Beloved Glad your problems are all solved! :)

Hi J You know, I haven't yet read 'When Things Fall Apart'...there are just too many books and so little time, when will we ever get to read everything we want to? And LOL@ you calling your car Achebe! My father called his "Lorna Doone"!

HiAnna Sure, would be delighted to have you return!

Carl V. said...

Neil Gaiman last year at this time in Chicago. It was a very cool experience.

paris parfait said...

What a treat! I got the book but haven't read it yet.

Lotus Reads said...

Hi, Carl, I thought he might be the one! :)

Hi ParisParfait, just the right book to take with you to Spain, no, maybe not, it reads a little like non-fiction also, it's rather weighty. Do read it when you get back though, I'm really enjoying it.

booklogged said...

Lotus, tis a beautiful picture of you and Miss Adichie. When do we get the time to read all the books we want to? I bought Purple Hibiscus, but haven't read it yet. So I appreciate your review because it brings it back to the forfront of my thinking. Half of a Yellow Sun sounds great. I like how both books have colors in the titles.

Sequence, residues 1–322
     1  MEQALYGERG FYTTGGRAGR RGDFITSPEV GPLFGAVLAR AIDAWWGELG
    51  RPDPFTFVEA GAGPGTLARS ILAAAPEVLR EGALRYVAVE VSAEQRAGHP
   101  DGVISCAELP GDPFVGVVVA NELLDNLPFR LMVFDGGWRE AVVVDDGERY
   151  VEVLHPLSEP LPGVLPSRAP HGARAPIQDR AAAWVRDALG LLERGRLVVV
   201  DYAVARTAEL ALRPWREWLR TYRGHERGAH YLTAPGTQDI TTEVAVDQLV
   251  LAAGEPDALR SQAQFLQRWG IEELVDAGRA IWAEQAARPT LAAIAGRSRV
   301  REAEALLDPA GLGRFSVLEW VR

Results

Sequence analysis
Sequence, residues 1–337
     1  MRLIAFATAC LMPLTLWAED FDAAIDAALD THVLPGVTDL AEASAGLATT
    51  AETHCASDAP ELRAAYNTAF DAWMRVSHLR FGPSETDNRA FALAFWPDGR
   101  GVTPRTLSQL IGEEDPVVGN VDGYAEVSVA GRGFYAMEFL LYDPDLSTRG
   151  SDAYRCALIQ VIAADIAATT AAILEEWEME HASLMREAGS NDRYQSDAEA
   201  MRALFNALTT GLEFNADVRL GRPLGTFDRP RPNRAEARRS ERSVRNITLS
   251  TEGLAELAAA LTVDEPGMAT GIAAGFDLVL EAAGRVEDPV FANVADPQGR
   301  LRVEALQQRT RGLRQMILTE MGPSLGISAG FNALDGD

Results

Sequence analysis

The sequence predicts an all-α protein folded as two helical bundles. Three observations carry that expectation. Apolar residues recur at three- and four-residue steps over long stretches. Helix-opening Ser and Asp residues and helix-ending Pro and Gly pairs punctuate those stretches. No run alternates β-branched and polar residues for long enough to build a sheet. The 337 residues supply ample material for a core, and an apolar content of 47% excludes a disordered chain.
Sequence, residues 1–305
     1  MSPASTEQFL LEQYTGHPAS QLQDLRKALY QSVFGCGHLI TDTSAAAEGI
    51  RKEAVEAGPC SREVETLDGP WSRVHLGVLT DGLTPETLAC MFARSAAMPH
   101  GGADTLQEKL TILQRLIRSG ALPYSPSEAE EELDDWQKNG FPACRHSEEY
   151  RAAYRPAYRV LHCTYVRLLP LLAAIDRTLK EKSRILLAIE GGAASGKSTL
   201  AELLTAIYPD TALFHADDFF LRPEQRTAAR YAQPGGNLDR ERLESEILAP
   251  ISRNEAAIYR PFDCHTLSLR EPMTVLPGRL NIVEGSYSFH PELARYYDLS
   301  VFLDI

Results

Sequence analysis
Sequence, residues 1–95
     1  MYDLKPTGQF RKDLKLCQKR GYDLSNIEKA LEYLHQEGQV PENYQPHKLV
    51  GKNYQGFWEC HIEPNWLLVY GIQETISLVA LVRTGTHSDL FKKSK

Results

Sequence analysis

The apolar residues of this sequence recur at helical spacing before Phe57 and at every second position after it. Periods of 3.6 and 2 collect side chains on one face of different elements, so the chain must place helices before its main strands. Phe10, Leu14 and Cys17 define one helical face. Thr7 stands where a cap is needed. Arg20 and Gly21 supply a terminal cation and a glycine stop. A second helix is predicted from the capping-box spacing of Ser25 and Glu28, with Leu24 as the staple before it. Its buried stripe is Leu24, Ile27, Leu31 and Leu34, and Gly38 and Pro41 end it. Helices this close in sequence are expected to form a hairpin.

Anonymous said...


You beat the N.Y. Times review by at least a week!


uknaija said...

I'm another Nigerian fan of Chimamanda's...thanks for featuring her on your blog. i met her at a Purple Hibiscus event in London last year or the year before and she is all you say...

As to other Nigerian writers- check this post on my blog

Lotus Reads said...

Hello booklogged How observant you are! It didn't occur to me that both her titles had colors in them! "Purple Hibiscus" is a fabulous read! Be warned, however, it's not one of those warm,fuzzy reads - be prepared to be disturbed, indignant and upset, but, on the good side, you'll be hungry for more of Chimamanda's books! :)

Thanks Grumpy Yeay, that feels good! :)))

Hello uknaija! Love your blog! I am looking at it as I write this. Thank you so much for the contemporary Nigerian writing list - I am definitely going to have to make notes!

uknaija said...

Glad to be of service...:-) feel free to add me to your blogroll